• Having your own well provides you with a source of fresh water.

Shock chlorination is a disinfection treatment recommended when a domestic drinking water system is contaminated with bacteria. Contamination can occur when the well is installed or when repairs are made to the pump or plumbing. Shock chlorination should take care of contamination that is introduced during these activities. If the groundwater itself is the source of bacteria, the system will be contaminated again when that water is pumped into the plumbing. In that case, continuous chlorination or other disinfection methods will be necessary to ensure the safety of the water supply.

Shock chlorination introduces very high levels of chlorine into a water system. During the disinfection process, water from the system is not suitable for consumption or extended contact by people or animals. Plan to perform the disinfection process when faucets and toilets will not be in use for at least 8 hours, preferably 12 to 24 hours. Shock chlorination will be most effective if the chlorine reaches every part of the water system.

Special precautions are needed on automatic water systems for animals and irrigation. Provide alternate water sources for pets or livestock who depend on automatic waterers, then make sure the chlorine reaches those outlets.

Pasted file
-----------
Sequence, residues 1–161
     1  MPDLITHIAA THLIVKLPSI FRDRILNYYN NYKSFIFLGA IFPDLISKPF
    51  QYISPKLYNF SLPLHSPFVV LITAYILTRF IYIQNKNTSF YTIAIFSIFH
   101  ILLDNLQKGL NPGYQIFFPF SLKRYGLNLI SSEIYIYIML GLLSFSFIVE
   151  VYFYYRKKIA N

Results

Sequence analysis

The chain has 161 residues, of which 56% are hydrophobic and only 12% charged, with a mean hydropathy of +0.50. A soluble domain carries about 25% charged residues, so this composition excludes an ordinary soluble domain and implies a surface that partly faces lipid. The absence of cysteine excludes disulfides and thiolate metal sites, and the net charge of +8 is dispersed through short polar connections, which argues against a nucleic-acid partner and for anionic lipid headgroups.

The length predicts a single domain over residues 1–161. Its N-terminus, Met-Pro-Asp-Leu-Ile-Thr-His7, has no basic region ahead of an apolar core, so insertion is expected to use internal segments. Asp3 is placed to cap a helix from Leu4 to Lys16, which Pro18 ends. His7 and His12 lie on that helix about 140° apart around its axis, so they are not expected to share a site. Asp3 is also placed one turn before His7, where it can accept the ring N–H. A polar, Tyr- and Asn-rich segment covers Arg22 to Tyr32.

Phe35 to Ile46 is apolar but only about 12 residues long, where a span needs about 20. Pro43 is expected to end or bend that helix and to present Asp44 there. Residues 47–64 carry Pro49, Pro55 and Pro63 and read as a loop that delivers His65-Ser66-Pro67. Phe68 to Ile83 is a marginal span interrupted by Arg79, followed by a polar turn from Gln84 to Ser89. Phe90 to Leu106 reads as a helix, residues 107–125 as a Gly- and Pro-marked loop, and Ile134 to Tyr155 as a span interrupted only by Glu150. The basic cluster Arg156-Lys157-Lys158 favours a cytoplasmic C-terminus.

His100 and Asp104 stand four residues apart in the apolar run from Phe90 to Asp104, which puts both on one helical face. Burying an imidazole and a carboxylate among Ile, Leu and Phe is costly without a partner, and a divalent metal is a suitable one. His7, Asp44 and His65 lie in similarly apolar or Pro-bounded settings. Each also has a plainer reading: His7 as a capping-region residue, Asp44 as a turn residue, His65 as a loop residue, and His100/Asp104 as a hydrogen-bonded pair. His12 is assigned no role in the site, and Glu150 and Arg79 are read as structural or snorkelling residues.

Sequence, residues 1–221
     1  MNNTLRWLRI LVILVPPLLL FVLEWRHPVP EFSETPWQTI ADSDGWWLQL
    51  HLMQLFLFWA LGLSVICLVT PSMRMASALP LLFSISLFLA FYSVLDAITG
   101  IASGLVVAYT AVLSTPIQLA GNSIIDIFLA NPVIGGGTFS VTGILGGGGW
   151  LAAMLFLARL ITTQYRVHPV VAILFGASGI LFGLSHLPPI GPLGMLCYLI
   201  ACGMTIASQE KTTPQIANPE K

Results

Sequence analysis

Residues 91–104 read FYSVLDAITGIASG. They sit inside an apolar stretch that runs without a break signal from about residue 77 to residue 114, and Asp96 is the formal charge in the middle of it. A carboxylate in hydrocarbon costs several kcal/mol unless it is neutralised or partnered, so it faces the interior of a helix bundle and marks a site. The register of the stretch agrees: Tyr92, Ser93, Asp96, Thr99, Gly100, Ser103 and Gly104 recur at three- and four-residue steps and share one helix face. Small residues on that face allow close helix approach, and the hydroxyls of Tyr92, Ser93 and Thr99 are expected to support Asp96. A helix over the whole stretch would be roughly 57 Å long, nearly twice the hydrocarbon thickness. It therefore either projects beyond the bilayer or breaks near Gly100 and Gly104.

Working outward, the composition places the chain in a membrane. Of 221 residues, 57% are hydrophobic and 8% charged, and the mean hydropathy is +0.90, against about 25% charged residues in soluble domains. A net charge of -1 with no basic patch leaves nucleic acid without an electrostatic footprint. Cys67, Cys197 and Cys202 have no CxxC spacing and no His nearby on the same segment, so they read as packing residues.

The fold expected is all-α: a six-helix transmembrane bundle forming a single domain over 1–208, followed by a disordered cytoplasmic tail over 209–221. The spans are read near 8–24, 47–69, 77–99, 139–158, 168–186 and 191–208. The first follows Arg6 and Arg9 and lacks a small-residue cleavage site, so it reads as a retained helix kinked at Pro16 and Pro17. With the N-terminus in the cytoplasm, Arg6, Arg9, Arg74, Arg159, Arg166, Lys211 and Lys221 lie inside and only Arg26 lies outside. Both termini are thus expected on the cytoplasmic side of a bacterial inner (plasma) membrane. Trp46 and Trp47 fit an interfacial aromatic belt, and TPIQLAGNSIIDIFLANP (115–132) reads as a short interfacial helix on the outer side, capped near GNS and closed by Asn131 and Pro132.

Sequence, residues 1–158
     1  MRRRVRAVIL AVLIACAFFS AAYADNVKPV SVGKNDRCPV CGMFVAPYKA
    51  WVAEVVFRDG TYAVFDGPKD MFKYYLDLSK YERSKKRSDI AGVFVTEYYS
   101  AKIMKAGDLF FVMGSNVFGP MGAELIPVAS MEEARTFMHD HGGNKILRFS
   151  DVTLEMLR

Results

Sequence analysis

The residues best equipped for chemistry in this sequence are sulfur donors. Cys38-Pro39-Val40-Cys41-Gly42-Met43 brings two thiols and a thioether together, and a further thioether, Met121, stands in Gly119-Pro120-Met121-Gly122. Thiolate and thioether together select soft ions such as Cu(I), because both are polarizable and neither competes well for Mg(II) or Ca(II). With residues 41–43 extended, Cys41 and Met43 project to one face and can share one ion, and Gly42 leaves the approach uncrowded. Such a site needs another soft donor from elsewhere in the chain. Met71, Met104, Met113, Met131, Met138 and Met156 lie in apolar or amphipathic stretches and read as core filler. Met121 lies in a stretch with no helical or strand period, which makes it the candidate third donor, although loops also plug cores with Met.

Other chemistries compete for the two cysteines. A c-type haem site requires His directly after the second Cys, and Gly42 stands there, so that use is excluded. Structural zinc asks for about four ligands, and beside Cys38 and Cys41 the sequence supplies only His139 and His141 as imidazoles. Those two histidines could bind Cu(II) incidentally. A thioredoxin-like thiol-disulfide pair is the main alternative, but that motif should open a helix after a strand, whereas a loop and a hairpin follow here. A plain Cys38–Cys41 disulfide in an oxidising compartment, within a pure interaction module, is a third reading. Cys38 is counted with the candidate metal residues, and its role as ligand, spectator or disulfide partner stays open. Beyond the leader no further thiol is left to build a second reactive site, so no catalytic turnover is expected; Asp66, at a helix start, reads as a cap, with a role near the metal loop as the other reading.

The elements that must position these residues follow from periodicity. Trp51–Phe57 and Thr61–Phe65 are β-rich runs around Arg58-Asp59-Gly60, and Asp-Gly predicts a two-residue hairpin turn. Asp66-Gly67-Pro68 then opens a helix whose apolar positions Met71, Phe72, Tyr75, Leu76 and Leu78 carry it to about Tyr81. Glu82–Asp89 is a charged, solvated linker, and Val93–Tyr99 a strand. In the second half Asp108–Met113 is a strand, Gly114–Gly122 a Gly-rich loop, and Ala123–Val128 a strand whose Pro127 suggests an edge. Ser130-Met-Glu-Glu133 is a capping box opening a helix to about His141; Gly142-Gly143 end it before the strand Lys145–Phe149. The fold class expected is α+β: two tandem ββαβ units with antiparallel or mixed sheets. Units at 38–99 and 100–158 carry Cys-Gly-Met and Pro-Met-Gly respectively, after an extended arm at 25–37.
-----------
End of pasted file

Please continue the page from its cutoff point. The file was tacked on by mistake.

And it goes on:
Chlorinated water flushed out of a sprinkler or drip system should be directed away from landscaping plants and lawn areas to avoid damage to the plants. Most water treatment equipment such as water heaters, softeners, and pressure tanks , should also be disinfected. Some water filters, such as carbon filters, should be temporarily disconnected or by-passed during shock chlorination. Check owner's manuals or manufacturers' literature before shock chlorinating to avoid damage to components.

Use liquid household bleach containing 5. Do not use bleach with a "fresh scent," lemon fragrance, or other cleaners added. One gallon of bleach will treat up to an 8-inch diameter well containing feet of water.

If your well is much larger, or if your distribution system is unusually large, expect to use more than 1 gallon of bleach. Avoid direct skin contact with bleach solutions. Wear rubber gloves, goggles, and a chemical-resistant apron when handling bleach.

If it accidentally gets on your skin, flush immediately with clean water. Never mix chlorine bleach with other cleaners; it may produce a toxic gas. Some chlorine may persist in the system for days. Water with a slight chlorine smell should be usable for most purposes. If the odor or taste is objectionable, simply let the water run until the chlorine dissipates.